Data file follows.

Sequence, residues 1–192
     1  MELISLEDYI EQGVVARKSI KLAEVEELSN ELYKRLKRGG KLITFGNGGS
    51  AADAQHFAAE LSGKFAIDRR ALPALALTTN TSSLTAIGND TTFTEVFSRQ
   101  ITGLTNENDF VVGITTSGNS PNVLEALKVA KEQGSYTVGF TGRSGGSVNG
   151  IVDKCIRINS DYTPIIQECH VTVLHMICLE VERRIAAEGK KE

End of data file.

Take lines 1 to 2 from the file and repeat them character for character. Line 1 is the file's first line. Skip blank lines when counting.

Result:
Sequence, residues 1–192
     1  MELISLEDYI EQGVVARKSI KLAEVEELSN ELYKRLKRGG KLITFGNGGS